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Judge Affirms Two-Thirds Vote Requirement for Local Special Taxes, Strikes Down Oakland’s Measure AA

On October 15, Judge Ronni MacLaren of the Alameda County Superior Court ruled that Oakland’s Measure AA, voted on in November 2018, is invalid and unenforceable, primarily because it violates two of California’s landmark tax reform measures, Proposition 13 and Proposition 218.

Both measures require that local “special” taxes—taxes that are earmarked for specific purposes, rather than general governmental expenditures—require a two-thirds vote of the electorate to pass. Historically, that requirement has been understood to include taxes that are proposed by a voter-circulated initiative petition.

In 2017, however, the California Supreme Court decided Cannabis Coalition v. City of Upland, 3 Cal. 5th 924 (2017), which held that a provision of Proposition 218 that requires elections on general taxes to take place at regularly scheduled elections does not apply to voter-proposed measures.

Though the Upland decision did not address Proposition 13 or the vote-threshold for special taxes under Proposition 13, two jurisdictions—Oakland and San Francisco—read the decision aggressively as exempting voter initiatives from the two-thirds vote requirement as well. Measure AA received a majority of the vote last November, but not two thirds, and the Oakland City Council declared it passed.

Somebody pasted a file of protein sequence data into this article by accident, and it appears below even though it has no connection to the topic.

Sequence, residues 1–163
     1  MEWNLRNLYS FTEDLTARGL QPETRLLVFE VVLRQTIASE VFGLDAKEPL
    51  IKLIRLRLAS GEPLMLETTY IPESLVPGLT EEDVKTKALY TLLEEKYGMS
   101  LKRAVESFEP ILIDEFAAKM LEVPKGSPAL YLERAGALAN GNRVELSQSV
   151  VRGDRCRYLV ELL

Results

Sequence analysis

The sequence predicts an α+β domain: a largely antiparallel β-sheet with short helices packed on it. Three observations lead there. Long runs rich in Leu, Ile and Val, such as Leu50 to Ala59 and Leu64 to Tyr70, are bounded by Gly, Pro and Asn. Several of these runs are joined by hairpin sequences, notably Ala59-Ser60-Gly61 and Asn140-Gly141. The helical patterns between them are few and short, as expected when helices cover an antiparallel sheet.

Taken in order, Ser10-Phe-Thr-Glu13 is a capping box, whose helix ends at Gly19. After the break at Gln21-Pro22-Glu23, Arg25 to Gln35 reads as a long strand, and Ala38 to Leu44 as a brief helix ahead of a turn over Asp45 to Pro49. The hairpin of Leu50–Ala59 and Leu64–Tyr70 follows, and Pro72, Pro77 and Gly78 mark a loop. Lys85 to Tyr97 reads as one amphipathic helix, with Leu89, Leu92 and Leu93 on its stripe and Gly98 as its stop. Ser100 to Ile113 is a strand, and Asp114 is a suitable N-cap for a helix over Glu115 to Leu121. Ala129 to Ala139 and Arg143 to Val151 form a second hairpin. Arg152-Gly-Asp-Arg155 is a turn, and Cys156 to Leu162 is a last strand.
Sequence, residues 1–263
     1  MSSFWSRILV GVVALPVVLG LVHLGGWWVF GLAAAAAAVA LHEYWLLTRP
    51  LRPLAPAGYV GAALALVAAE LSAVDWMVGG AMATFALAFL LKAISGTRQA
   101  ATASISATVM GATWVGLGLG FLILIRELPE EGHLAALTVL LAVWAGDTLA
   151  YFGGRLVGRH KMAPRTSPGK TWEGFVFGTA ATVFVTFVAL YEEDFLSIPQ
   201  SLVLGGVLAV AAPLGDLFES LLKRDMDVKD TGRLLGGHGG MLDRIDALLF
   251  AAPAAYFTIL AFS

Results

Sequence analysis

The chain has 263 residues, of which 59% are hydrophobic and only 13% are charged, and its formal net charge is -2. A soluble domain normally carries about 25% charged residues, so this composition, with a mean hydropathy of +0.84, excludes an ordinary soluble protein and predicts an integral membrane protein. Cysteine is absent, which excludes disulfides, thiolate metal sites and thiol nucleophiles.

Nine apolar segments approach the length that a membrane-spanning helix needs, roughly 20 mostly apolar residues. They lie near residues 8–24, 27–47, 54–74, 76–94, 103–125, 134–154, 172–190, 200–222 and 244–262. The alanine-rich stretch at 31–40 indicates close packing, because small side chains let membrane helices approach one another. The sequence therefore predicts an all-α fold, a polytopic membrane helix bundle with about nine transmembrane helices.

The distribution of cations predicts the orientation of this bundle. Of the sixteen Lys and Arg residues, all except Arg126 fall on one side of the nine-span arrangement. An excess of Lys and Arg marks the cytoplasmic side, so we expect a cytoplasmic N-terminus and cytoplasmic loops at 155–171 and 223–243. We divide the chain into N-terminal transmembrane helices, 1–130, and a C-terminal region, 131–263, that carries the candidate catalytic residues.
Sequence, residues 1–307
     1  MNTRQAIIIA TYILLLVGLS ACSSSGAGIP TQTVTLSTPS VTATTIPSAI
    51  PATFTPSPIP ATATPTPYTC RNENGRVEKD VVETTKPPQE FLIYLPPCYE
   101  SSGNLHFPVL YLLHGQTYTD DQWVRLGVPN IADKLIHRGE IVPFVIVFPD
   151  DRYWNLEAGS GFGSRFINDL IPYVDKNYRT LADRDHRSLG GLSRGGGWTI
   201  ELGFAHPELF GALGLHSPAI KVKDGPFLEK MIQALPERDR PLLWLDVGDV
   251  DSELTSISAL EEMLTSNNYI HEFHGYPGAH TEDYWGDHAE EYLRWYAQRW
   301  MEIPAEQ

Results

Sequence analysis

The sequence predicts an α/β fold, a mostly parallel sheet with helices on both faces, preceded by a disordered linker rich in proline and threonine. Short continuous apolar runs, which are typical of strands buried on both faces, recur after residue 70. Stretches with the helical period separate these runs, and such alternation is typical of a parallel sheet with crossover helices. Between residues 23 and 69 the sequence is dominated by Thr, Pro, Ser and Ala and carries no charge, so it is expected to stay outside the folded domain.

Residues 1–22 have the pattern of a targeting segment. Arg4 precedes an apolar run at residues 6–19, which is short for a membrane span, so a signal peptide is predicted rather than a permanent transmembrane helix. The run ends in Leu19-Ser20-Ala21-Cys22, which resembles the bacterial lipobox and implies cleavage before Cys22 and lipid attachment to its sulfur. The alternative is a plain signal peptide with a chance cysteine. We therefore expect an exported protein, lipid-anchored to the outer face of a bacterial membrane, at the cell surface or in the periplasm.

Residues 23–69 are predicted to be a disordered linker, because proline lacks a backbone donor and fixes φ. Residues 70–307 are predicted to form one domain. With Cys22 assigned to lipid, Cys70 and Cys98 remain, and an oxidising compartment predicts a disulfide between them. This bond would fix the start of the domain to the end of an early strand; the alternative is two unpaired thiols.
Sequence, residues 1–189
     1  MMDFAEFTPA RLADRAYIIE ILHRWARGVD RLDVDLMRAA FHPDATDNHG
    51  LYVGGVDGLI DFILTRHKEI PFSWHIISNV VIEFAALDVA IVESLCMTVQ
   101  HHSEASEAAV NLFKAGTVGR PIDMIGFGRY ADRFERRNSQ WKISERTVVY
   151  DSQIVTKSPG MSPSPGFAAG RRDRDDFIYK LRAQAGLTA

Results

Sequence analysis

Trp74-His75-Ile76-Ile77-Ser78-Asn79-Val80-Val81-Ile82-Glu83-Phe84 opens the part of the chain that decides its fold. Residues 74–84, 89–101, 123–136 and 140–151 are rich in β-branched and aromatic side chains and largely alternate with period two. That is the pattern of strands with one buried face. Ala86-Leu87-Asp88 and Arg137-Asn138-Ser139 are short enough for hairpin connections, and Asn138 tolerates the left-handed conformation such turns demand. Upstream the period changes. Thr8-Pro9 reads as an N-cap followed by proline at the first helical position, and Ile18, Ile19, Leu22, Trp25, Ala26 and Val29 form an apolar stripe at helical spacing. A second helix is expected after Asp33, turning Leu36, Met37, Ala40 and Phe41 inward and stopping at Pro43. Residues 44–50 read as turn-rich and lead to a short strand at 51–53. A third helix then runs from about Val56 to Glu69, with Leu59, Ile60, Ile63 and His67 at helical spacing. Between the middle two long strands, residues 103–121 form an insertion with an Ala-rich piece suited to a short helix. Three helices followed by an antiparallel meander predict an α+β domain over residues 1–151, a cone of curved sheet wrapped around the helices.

The Jobs & Housing Coalition and several individual plaintiffs, represented by Nielsen Merksamer, challenged the Council’s action. Judge MacLaren agreed that Upland is limited to the specific issue that case addressed, and that the two-thirds vote requirement remains applicable to voter-circulated measures under Propositions 13 and 218.

She is the second judge so far to reach this conclusion. In early September, a judge in the Fresno Superior Court upheld the position of the Fresno City Council that a special tax measure receiving a majority vote last November, but not two-thirds, could not be enforced. A judge on the San Francisco Superior Court reached the opposite conclusion in July with respect to two measures voted on in that City. The San Francisco rulings are currently subject to pending appeals.

Judge MacLaren also ruled that additional provisions of Proposition 218 that are uniquely applicable to parcel taxes, like Measure AA, further bolstered the conclusion that the two-thirds vote applied, and that because the City Attorney and City Auditor had expressly informed voters that a two-thirds vote was required, the Council couldn’t take it back after the election.

For more information, please contact Chris Skinnell or Jim Parrinello.